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Hawaii ‘button pusher’ who allegedly set off false alert refuses to cooperate with Feds, investigators

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The official who mistakenly sent a false missile alert in the Hawaiian Islands earlier this month is reportedly refusing to cooperate with investigators.

While Hawaii Emergency Management Agency officials are working with federal and internal investigators, the Homeland Security Bureau chief of the Federal Communications Commission, Lisa Fowlkes, noted the unidentified official has refused to work with two internal HI-EMA investigations as well as with the FCC, The Star Advertiser reported.

(Image: screenshot)

“We are quite pleased with the level of cooperation we have received from the leadership of the Hawaii Emergency Management Agency thus far,” Lisa Fowlkes testified Thursday at a Senate hearing on the incident. “We are disappointed, however, that one key employee, the person who transmitted the false alert, is refusing to cooperate with our investigation. We hope that person will reconsider.”

The infamous “button-pusher” triggered chaos on Januray 13 after accidentally alerting more than a million people in Hawaii that a nuclear missile strike was imminent. HI-EMA officials sent another alert 38 minutes later confirming the false alarm.

(Image: screenshot)

Lt. Col. Chuck Anthony, a spokesman for Hawaii’s Department of Defense, which overseas HI-EMA, explained that the unidentified “warning officer” was temporarily reassigned within the agency but hasn’t returned to work since the incident. The union employee faces possible disciplinary action including losing his employment.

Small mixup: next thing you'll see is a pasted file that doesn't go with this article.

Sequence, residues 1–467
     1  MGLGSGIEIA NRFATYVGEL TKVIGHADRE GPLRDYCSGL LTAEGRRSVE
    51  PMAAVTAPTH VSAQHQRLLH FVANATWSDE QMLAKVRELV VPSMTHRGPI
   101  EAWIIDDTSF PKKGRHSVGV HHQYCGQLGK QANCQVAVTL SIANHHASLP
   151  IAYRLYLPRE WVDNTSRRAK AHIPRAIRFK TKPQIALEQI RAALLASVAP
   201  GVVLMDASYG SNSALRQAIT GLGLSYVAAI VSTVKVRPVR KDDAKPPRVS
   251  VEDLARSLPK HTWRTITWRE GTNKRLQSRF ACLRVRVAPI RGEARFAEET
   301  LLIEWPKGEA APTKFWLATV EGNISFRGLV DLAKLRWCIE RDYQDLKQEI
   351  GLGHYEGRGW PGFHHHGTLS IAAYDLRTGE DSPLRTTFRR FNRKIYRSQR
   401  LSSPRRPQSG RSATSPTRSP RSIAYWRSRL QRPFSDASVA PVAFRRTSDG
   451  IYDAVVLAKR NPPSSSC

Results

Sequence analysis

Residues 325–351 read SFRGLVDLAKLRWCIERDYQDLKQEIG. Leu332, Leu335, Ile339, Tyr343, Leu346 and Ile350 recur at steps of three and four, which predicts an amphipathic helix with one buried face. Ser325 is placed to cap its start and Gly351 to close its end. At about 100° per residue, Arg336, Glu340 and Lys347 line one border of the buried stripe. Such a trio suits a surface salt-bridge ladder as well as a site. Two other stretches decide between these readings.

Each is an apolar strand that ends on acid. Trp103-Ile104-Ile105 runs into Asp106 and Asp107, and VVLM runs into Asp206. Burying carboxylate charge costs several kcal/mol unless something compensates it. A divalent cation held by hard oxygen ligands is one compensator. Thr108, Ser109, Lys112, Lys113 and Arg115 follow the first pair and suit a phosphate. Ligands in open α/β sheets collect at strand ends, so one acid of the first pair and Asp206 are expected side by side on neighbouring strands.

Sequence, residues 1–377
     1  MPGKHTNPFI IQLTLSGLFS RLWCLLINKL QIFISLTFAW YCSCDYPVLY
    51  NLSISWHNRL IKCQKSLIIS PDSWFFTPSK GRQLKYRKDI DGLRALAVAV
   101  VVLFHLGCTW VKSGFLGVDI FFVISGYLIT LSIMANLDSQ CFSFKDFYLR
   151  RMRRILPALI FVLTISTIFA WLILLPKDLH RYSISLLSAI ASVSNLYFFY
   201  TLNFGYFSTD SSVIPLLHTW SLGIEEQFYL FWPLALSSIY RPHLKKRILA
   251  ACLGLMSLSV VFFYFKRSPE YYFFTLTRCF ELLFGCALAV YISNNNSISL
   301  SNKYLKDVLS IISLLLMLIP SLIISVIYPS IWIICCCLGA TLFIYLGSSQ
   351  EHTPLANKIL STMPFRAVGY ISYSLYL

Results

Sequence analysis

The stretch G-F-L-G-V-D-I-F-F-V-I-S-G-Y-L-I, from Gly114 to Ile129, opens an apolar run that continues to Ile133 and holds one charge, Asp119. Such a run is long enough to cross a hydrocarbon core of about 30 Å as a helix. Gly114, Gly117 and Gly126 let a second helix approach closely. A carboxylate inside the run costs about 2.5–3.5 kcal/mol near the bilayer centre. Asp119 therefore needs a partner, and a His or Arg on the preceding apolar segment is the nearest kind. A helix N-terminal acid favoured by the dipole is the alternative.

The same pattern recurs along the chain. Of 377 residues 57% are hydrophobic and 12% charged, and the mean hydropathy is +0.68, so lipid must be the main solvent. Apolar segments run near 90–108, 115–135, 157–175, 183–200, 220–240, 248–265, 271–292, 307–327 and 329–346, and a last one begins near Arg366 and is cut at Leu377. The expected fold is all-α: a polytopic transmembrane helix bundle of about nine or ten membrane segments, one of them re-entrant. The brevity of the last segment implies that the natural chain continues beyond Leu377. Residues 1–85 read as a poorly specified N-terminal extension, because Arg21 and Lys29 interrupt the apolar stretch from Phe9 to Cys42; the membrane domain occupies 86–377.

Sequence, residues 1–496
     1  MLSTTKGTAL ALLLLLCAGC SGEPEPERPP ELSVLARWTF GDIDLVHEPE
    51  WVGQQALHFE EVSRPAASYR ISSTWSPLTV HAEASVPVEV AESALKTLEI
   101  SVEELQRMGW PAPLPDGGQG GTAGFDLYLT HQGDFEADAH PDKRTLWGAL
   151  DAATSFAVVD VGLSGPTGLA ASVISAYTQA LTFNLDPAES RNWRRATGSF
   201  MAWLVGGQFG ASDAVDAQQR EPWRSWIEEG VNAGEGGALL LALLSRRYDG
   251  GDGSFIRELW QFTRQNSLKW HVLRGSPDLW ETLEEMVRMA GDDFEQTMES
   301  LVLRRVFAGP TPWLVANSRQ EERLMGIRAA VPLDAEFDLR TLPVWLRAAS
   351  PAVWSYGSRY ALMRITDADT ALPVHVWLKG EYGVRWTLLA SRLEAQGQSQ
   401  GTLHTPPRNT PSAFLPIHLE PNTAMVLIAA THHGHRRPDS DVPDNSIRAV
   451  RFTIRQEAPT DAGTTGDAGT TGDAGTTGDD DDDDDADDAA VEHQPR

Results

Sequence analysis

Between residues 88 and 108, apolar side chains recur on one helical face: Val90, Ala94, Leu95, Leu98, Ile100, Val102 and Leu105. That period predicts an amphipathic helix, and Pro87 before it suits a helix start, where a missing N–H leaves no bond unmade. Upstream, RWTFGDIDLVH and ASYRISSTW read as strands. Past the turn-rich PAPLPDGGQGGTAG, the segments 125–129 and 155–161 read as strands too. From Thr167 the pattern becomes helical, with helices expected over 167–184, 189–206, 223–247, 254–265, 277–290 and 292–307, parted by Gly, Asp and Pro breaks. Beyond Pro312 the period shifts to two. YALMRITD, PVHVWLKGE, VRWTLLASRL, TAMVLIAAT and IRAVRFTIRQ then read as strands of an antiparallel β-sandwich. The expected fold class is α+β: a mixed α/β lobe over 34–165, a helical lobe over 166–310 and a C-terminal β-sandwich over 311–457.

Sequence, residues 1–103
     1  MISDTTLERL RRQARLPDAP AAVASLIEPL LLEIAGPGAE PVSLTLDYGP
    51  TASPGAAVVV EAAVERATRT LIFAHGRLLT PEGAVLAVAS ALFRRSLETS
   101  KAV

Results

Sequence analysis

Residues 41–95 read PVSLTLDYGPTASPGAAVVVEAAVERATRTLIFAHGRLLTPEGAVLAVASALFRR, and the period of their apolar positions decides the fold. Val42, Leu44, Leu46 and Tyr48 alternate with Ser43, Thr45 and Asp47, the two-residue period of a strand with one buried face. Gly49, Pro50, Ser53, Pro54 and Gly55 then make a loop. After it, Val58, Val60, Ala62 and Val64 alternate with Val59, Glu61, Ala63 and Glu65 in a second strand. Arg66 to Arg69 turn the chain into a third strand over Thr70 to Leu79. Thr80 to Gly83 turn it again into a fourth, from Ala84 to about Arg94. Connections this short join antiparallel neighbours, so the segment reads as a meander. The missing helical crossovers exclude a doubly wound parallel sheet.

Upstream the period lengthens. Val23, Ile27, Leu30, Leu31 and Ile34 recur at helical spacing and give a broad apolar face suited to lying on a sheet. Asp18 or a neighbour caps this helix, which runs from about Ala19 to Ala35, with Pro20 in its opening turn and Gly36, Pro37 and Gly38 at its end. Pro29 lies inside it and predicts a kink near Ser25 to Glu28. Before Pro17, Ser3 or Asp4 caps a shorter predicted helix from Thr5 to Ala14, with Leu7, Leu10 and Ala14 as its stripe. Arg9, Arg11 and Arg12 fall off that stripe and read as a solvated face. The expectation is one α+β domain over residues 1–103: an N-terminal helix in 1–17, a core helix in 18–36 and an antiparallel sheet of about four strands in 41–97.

“Initially he did provide a statement of his actions that day, but now he is not cooperating,” Anthony said. “He’s choosing not to have further engagement with other employees at the Emergency Management Agency who have attempted to reach out to him.”

Sen. Brian Schatz is pressing for legislation to authorize the Department of Defense and Homeland Security to be in charge of sending missile alerts in the future.

“A missile attack is federal,” Schatz said. “A missile attack is not a local responsibility. Confirmation and notification of something like a missile attack should reside with the agency that knows first and knows for sure, in other words the people who know should be the people who tell us.

 

 

 

As the lead Democrat on the Senate Subcommittee on Communications, Technology, Innovation, and the Internet, I just wanted to let you know that the Senate Commerce Committee is holding a hearing today examining emergency alert systems and later this year, I will convene a field hearing in Honolulu to review Hawaii’s false missile alert. WATCH:

Posted by Senator Brian Schatz on Thursday, January 25, 2018

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Frieda Powers

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